It's Never Too Early to Start Protecting Trade Secrets and IP
Who owns a companys best ideas? When employees and companies part ways, complicated ownership disputes can arise over rights with respect to IP, trade secrets, and other confidential company information. Its a topic that came up as a discussion on the LinkedIn page of In The Housea web-based professional networking community for in-house counselso we asked a few ITH lawyers with in-house experience how companies can ensure that when employees leave, they dont take valuable information or intellectual property with them.
All of the lawyers who posted to the discussion thread agreed that the best time to formally define trade secret and intellectual property parameters is when the employee first walks through the door, not when theyre headed for the exit.
William Wilson, former in-house counsel at Motorola Inc. and Siemens Corporation, says that the beginning of employment is the one golden opportunity you have to make the relationship clear. This can be especially important under certain state employment statutessome states make it more difficult to keep trade secrets and other confidential information under wraps if agreements arent solidified during the hiring process.
The Uniform Trade Secrets Act provides a federal framework for protection of trade secrets. A handful of statesincluding New Yorkhave not adopted the UTSA, but those states do have their own version of the federal law. All of which means there can be some confusion about what needs to be done at the time of hiring. If there are any ambiguities in terms of whats going to constitute a trade secret, says Wilson, clarify in the employment agreement.
Depending on whether the company is located in a state that allows them, Wilson says the employer might also consider the value of adding a non-compete agreement to the employment contract in order to protect confidential information from traveling into a competitors office with an ex-employee.
When it comes to IP, not all states have codified invention statutes. Wilson urges employers to make it very clear in the initial employment agreement that ownership of anything worked on in the line of business is assigned to the companyand not to the individual.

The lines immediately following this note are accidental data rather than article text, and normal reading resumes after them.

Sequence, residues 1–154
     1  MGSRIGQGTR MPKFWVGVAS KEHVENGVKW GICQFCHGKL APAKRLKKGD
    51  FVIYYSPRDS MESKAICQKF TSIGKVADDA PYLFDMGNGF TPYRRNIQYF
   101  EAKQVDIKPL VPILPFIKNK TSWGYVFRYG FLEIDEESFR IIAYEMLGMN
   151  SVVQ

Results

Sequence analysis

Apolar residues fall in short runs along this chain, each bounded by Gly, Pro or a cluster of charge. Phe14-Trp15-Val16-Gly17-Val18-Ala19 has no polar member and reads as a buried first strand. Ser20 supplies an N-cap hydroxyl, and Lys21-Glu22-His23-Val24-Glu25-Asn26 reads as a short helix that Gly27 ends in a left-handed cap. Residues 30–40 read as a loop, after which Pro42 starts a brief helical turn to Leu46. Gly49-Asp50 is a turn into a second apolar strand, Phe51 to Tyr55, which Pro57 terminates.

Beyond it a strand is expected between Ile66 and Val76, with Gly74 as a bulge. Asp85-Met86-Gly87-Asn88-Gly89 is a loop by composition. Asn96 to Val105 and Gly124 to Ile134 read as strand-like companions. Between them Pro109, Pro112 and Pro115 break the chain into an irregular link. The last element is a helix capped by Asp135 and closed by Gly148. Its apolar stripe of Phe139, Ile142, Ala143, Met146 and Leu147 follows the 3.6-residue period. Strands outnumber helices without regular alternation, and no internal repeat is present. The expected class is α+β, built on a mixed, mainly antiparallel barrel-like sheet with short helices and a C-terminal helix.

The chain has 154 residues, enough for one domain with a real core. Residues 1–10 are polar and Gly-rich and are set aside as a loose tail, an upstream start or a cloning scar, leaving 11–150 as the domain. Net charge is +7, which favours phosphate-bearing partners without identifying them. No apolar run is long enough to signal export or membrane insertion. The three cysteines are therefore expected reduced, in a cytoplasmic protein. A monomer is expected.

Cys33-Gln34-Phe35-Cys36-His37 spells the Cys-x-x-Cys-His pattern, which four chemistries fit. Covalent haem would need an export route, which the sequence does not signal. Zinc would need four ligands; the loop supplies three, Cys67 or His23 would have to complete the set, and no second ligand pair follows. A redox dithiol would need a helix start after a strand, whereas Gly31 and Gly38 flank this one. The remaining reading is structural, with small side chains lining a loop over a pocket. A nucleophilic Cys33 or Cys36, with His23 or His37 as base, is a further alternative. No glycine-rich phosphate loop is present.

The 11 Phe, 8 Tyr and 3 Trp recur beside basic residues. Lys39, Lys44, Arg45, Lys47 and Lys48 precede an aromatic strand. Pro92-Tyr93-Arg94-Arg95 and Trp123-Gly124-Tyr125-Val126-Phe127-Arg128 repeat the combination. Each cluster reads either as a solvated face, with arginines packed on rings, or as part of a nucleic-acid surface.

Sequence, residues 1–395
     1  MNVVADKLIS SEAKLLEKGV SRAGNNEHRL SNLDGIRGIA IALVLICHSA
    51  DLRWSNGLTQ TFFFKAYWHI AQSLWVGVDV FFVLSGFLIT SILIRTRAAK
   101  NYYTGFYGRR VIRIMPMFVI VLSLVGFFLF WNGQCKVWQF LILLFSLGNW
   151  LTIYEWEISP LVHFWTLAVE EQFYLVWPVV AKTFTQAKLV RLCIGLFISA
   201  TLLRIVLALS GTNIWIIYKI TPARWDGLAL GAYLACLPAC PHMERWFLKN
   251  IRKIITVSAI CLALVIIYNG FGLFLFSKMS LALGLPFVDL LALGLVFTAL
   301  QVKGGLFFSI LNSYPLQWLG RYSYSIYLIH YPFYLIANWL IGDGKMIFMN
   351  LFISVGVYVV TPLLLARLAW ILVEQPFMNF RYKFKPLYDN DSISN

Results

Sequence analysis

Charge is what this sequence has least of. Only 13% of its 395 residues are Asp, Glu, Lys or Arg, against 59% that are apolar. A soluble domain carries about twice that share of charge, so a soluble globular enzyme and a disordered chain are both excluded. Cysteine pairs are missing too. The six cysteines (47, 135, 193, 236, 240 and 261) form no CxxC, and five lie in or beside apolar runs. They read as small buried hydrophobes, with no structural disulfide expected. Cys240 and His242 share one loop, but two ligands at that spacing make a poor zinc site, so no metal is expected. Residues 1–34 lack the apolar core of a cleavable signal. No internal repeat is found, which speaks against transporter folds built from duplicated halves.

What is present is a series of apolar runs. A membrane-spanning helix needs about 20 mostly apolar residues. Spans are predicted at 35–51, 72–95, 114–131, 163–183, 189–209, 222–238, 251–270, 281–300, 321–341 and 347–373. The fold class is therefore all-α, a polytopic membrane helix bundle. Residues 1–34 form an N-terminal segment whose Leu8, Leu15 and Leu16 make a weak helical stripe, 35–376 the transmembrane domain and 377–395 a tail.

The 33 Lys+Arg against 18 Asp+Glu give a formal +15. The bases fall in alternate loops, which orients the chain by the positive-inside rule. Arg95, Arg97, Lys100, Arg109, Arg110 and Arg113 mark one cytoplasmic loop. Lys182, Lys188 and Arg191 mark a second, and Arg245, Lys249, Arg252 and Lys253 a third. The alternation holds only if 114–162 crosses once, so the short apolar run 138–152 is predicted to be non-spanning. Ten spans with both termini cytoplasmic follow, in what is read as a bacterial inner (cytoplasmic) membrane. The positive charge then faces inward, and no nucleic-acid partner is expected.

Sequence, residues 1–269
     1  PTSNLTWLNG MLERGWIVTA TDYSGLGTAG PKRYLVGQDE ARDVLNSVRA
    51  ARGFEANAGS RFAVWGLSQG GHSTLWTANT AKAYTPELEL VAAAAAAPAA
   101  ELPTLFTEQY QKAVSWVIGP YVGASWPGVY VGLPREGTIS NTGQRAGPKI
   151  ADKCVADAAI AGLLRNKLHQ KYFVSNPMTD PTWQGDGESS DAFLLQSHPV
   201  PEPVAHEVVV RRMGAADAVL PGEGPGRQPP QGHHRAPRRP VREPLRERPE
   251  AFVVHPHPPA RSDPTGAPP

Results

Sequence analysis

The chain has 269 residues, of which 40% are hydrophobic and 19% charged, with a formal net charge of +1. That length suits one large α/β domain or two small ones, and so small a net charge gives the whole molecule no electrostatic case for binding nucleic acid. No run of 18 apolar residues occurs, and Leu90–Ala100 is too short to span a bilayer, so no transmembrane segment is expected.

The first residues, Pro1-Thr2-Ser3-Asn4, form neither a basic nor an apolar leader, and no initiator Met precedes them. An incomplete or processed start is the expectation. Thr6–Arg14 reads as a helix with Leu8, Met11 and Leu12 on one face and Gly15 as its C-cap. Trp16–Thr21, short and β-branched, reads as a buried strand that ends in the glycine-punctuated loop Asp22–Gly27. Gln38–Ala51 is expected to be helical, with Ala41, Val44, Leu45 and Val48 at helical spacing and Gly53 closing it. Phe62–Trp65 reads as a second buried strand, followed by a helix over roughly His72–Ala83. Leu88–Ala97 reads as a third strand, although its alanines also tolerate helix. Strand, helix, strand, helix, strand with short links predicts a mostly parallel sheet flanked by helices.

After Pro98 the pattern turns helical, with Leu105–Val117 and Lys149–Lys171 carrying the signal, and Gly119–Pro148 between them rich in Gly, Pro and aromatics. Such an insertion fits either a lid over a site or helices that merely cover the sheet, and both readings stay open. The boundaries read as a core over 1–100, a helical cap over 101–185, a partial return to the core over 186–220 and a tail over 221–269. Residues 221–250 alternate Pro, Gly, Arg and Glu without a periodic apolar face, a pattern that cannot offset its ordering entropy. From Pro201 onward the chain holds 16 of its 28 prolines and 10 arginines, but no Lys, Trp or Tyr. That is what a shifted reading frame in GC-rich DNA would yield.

Deirdre OCallaghan, most recently general counsel of Gas Turbine Energy, says she has required individuals to sign non-disclosure agreements during pre-employment negotiations. Sometimes you have to divulge confidential information at a time theyre not yet an employee, she notes.
OCallaghan says there are different risk levels to consider, depending on how IP-centered the company is and how exposed to confidential information the employee will be. Even companies with little intellectual property have trade secrets, OCallaghan points out. An employer can cover its bases with respect to non-disclosure through a company-wide policy contained in its employee handbook. Even if the company doesnt use employment agreements, it should have an employee handbook, she says: For a lot of companies, thats all you really need.
But for those employers with higher levels of IP at the core of their business, OCallaghan recommends having employees sign an IP terms and conditions agreement, which establishes company ownership of anything the employee develops while working for the company.
She stresses the importance of having not just product developers sign these agreements, but also paralegals, finance officers, and anyone else who might come in contact with sensitive information.
Wilson agrees, adding that even outsiders can be exposed to sensitive material. Some companies do a good job of papering employee agreements, he notes, but they arent as careful with vendors and other outside partners.
For employees working in development, OCallaghan says its crucial to establish whats the companys and whats the employees. Often employees bring base patents with them to a new job. If the patent has been filed with the U.S. Patent and Trademark Association, she says its easy to define what the employee owns. But if its just an idea, its much harder.
Cathy Duclos specializes in employment law as an associate general counsel at Technicolor USA Inc. She says that standard confidentiality and assignment of inventions agreements allow employees to list prior inventions. They have the chance to say, I own this and Im not giving it to you, says Duclos. But she has seen disputes arise because managers made the mistake of not carefully reading the list.
Although its much tougher to influence employees once theyve decided to move on to greener pastures, some precautions can still be taken when employees leave the company.
Always have an exit interview, says OCallaghan. If they wont come in, at least get it in writing, she says. If a former employee has joined a competitor, it may be a good idea to convey your expectations of protection to the new companyin writing.
Wilson says companies can take precautions by restricting a soon-to-be-departing employees ability to make wholesale copies. Email can also be monitored to detect certain keywords or addresses. In an exit interview, Wilson advises companies to give the employee a copy of the employment agreement they signed on day one.
Remind them that their obligations dont end the day they walk out the door, he says.